Minimalism and Generalism need to work side-by-side if you want to be better at everything and get more done each day and far more out of life, with less stress and my guest Pat Flynn from Pennsylvania is a repeat offender on this podcast, and he appeared back on Episode 9: Being a Generalist
When we spoke last, he mentioned the book he was in the process of writing, and now it is a reality - How To Be Better At (Almost) Everything.
Today we discuss:
- Pat has two guiding principles: Minimalism: Working out the shortest path between A and B using a cross-over between effectiveness and efficiency, and Generalism: Being good to great in many things.
- Learning anything quickly
- Stacking your Skills
- The 4 R's
- Restriction *
If you restrict one area in life or business, you are forced to improve in other areas. Pat gave an example of becoming a better guitar player by restricting the use of his fingers and a better martial artist by tieing one arm behind is back.
In business, Pat was naturally a good copywriter, and he used this skill to build his business, but he neglected his analytical skills, so he made a conscious decision he was going to focus and improve his analytical weakness and stop relying on his strength.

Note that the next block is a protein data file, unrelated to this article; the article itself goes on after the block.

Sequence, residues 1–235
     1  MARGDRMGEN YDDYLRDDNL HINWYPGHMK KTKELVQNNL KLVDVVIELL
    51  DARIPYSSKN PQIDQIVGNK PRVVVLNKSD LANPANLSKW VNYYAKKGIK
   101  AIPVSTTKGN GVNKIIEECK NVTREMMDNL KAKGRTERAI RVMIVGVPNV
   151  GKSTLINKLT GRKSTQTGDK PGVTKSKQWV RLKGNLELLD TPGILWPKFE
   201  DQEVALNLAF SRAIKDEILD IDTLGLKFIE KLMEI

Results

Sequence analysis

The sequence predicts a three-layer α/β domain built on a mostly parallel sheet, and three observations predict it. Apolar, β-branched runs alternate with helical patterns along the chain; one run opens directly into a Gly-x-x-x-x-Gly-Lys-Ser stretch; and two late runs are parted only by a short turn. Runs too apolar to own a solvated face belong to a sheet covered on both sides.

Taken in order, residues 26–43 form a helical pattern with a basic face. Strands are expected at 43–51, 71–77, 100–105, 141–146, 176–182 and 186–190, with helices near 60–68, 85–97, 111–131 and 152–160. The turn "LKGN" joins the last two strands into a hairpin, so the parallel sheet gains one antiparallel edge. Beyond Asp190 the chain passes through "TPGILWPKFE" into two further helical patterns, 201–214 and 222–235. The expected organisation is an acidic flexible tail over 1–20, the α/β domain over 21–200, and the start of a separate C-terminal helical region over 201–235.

The Sydney City Roosters did this recently with their star (and injured) player, Cooper Cronk in the Grand Final. His injury forced them to think a different way and the Melbourne Storm was not ready for this change in mindset. See the story on Fox Sports: Why he couldn't have played the grand final without his teammates guarding his secret.
Bring Skills Together
When you restrict a skill you were already good at and combine it with a new skill you have been forced to improve upon, you will become better overall at whatever you do.
Don't let perfect get in your way. If you wait for everything to be perfect, you could miss a lot of opportunities. Done and out the door is better than perfect and in the draw.
Great is the enemy of good: If you're waiting for that great idea to come before you take action it could be a long wait. You're better to keep applying good ideas, one after another until greatness appears.
Monday Morning Tip
To be a generalist you need to become a short-term specialist, so focus on one or two things at a time and no more.
But you also need to maintain your other skills in the process but don't try and get better at too many things at once or you will not succeed.
If you want to stalk Pat Flynn while he sleeps, you'll find him on most social media platforms or at:
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